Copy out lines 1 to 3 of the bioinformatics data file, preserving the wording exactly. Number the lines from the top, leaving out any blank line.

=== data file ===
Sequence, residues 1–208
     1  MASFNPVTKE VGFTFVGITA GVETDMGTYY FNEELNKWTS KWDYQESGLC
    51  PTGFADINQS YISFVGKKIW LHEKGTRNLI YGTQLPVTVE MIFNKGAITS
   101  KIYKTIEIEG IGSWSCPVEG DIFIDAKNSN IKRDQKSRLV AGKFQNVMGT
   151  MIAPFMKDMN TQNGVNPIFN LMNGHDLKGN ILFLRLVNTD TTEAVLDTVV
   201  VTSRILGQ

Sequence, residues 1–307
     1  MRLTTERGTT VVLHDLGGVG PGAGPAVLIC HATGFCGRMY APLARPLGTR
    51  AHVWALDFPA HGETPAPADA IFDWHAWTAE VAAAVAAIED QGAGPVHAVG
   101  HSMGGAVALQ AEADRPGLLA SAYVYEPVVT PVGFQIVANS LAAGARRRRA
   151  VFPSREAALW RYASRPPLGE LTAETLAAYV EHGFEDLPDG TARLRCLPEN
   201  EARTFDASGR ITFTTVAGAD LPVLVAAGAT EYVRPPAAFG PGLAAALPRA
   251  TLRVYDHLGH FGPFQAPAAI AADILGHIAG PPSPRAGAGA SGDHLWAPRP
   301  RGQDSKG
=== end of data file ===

Sequence, residues 1–208
     1  MASFNPVTKE VGFTFVGITA GVETDMGTYY FNEELNKWTS KWDYQESGLC
    51  PTGFADINQS YISFVGKKIW LHEKGTRNLI YGTQLPVTVE MIFNKGAITS